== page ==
June 2017
Volume 58, Issue 8
Open Access
ARVO Annual Meeting Abstract  |   June 2017
ERG Analysis of the Murine GARP2 Knockout: Abnormal Retinal Function
Author Affiliations & Notes
  • Delores A. Stacks
    Department of Optometry and Vision Science, University of Alabama at Birmingham, Birmingham, Alabama, United States
  • Marci L DeRamus
    Department of Optometry and Vision Science, University of Alabama at Birmingham, Birmingham, Alabama, United States
  • Carrie E Huisingh
    Ophthalmology, UAB, Birmingham, Alabama, United States
  • Gerald McGwin
    Epidemiology, University of Alabama at Birmingham, Birmingham, Alabama, United States
  • Timothy W Kraft
    Department of Optometry and Vision Science, University of Alabama at Birmingham, Birmingham, Alabama, United States
  • Steven J Pittler
    Department of Optometry and Vision Science, University of Alabama at Birmingham, Birmingham, Alabama, United States
  • Footnotes
    Commercial Relationships   Delores Stacks, None; Marci DeRamus, None; Carrie Huisingh, None; Gerald McGwin, None; Timothy Kraft, None; Steven Pittler, None
  • Footnotes
    Support   NIH R01 EY018143 and NIH P30 EY003039
Investigative Ophthalmology & Visual Science June 2017, Vol.58, 275. doi:
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    • Get Citation

      Delores A. Stacks, Marci L DeRamus, Carrie E Huisingh, Gerald McGwin, Timothy W Kraft, Steven J Pittler; ERG Analysis of the Murine GARP2 Knockout: Abnormal Retinal Function. Invest. Ophthalmol. Vis. Sci. 2017;58(8):275.

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      © ARVO (1962-2015); The Authors (2016-present)

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Abstract

Purpose : Glutamic acid-rich protein, GARP2, is the most abundantly expressed of three photoreceptor (PR) proteins encoded by the Cngb1 locus which also encodes GARP1, and the β-subunit of the cyclic nucleotide-gated cation channel. In our GARP2 knockout mice (GARP2-KO), we previously reported changes in the appearance of the retinal pigment epithelium (RPE) including displaced melanosomes and regional perturbations in the PR/RPE interdigitation zone, in which the PR outer segments appear longer and parallel to the RPE microvillus processes. Here, we tested for electrophysiological consequences of the observed morphologic changes.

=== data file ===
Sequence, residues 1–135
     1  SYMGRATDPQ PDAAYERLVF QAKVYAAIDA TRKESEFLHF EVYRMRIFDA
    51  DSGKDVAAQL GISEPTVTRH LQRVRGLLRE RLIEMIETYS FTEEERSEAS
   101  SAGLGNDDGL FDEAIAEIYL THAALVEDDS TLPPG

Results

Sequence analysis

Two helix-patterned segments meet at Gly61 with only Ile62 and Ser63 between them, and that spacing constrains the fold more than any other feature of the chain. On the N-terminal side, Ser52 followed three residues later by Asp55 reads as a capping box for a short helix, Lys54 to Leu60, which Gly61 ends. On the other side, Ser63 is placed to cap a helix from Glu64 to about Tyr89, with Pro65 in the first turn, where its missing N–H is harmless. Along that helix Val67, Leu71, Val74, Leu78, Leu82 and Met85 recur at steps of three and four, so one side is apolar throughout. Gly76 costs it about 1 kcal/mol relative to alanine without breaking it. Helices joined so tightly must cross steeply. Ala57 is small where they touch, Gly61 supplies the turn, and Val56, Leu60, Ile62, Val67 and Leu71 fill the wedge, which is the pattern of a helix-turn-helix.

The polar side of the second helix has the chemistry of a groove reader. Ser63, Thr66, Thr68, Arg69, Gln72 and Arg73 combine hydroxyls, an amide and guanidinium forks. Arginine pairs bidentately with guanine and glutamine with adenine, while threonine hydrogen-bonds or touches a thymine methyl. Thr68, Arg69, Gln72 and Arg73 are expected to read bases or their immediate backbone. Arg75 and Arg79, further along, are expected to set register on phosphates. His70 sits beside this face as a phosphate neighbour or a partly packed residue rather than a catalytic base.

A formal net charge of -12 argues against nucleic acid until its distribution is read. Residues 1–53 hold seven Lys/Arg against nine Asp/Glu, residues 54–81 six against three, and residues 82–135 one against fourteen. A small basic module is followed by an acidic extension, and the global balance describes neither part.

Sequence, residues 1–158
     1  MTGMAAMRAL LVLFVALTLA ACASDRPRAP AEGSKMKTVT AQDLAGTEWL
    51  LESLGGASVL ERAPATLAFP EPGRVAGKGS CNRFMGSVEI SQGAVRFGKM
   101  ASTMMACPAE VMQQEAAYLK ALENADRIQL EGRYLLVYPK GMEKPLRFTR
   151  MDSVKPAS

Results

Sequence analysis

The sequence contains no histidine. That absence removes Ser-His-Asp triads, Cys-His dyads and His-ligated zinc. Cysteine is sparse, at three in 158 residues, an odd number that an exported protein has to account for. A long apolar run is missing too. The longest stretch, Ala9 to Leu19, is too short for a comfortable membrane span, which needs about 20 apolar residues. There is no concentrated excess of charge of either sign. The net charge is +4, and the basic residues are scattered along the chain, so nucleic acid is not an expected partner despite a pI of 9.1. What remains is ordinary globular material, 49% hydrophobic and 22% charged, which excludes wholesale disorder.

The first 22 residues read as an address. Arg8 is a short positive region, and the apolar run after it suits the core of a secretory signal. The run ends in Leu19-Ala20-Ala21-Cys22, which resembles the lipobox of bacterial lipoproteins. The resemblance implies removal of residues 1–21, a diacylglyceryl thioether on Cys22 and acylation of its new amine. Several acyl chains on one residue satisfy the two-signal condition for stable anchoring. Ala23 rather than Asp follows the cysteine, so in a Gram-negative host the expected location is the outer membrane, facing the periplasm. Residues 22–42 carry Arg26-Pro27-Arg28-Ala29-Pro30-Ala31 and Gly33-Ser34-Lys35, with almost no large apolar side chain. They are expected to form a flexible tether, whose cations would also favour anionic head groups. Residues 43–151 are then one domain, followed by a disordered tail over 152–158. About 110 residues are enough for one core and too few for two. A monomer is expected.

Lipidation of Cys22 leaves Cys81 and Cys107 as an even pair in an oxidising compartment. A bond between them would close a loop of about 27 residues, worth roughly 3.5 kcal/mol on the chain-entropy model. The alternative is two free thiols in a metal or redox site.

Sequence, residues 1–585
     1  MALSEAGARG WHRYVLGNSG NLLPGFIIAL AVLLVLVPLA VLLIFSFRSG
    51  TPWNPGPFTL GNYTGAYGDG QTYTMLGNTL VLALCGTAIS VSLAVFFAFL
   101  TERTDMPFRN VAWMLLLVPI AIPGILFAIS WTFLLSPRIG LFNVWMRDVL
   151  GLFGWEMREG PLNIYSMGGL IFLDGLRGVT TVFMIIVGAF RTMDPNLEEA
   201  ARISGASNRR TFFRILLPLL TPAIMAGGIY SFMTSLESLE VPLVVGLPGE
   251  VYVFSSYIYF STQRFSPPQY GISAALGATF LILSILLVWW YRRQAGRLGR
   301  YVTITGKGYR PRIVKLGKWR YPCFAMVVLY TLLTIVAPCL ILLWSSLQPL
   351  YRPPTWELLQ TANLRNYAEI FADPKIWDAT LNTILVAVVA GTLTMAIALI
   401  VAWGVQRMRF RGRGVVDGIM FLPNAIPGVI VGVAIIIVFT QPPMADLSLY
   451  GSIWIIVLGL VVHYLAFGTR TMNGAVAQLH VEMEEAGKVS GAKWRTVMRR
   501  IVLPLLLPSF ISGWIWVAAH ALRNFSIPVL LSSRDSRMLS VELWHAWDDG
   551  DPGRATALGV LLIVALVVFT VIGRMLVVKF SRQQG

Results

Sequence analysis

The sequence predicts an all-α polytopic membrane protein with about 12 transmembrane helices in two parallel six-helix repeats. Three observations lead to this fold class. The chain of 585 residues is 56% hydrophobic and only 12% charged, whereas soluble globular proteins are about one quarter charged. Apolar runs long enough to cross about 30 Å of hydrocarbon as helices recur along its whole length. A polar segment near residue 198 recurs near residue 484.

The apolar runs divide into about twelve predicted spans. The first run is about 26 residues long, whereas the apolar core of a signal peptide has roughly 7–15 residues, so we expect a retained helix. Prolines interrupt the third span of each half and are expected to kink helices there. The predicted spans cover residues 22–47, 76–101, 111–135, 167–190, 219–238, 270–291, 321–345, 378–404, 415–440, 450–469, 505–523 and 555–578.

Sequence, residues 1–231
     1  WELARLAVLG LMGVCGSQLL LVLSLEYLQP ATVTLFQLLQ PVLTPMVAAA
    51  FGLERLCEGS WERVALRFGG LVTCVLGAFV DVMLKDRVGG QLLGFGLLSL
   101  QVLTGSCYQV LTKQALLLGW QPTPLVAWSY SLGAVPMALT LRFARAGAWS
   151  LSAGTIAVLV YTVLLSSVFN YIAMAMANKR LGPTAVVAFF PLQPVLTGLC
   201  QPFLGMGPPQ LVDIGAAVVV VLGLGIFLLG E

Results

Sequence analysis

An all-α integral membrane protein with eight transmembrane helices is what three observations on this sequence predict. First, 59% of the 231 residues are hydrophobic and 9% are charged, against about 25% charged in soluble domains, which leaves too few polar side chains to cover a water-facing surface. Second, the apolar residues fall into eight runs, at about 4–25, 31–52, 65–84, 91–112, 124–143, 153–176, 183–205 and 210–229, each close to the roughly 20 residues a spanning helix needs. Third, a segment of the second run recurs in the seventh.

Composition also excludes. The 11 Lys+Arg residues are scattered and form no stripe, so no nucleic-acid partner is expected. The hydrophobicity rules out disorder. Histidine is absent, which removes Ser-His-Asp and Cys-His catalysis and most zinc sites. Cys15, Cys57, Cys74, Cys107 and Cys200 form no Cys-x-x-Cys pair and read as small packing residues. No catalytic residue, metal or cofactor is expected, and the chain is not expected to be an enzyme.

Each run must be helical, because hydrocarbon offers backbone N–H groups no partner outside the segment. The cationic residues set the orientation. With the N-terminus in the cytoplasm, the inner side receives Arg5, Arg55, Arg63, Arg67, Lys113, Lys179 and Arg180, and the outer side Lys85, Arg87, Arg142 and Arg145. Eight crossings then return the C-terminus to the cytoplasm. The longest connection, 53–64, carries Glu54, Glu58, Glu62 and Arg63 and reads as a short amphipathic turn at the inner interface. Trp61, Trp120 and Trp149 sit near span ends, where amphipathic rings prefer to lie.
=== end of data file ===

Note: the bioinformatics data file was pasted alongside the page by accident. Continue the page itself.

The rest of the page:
Methods : All testing was done on 3-month-old WT (n=8) and GARP2-KO (n=9) mice on a C57Bl/6J background. Functional testing included scotopic ERG with increasing flash intensities, photopic ERG to a saturating flash, scotopic and photopic flicker ERG, and scotopic c-wave. Phototransduction gain, critical flicker fusion threshold (CFF), stimulus required to evoke half maximum response (I50), and c-wave area analyses were performed in IgorPro 6 with Wilcoxon ranked sum statistics performed with SAS software (significance p ≤ 0.05).

Results : Scotopic a- and b- waves were reduced 33% and 50% respectively in the GARP2-KO (a: 256±91 µV, b: 499±183 µV) compared to WT (a:384±112 µV, b: 990±225 µV). Photopic a- and b-waves were also reduced (a: GARP2-KO 128±51 µV, WT 208±68 µV; b: GARP2-KO 168±59 µV, WT 428±128 µV). Assuming linearity between b-wave amplitude and area under the c-wave curve, a significant reduction in c-wave was observed in the GARP2-KO for two scotopic intensities (by 23% and 28% respectively). Scotopic CFF was reduced by 29.4% in GARP2-KO (15.1 ± 1.4 Hz) vs WT (21.4 ± 2.6 Hz). No significant changes were observed in gain, photopic CFF, or the I50.

Conclusions : Our results are consistent with a GARP2 role in modulating PR responses. Although there is likely some damage to the cone-driven circuits (loss of photopic a-, and b-wave maximum amplitudes) the threshold detection of flicker (photopic CFF) is maintained. The rod signaling pathway seems to be more affected, indicated by the significantly reduced scotopic CFF. Reduced c-waves in the GARP2-KO indicate that GARP2 may also affect RPE/PR potassium ion flow, particularly under conditions where the PR response is primarily rod-driven.

This is an abstract that was submitted for the 2017 ARVO Annual Meeting, held in Baltimore, MD, May 7-11, 2017.

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